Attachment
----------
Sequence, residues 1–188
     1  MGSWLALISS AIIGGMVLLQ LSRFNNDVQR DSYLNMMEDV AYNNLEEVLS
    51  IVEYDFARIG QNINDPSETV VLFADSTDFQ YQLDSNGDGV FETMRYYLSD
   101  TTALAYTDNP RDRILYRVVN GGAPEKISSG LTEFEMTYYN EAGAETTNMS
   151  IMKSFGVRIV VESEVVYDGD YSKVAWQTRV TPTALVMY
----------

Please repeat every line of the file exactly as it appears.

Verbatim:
Sequence, residues 1–188
     1  MGSWLALISS AIIGGMVLLQ LSRFNNDVQR DSYLNMMEDV AYNNLEEVLS
    51  IVEYDFARIG QNINDPSETV VLFADSTDFQ YQLDSNGDGV FETMRYYLSD
   101  TTALAYTDNP RDRILYRVVN GGAPEKISSG LTEFEMTYYN EAGAETTNMS
   151  IMKSFGVRIV VESEVVYDGD YSKVAWQTRV TPTALVMY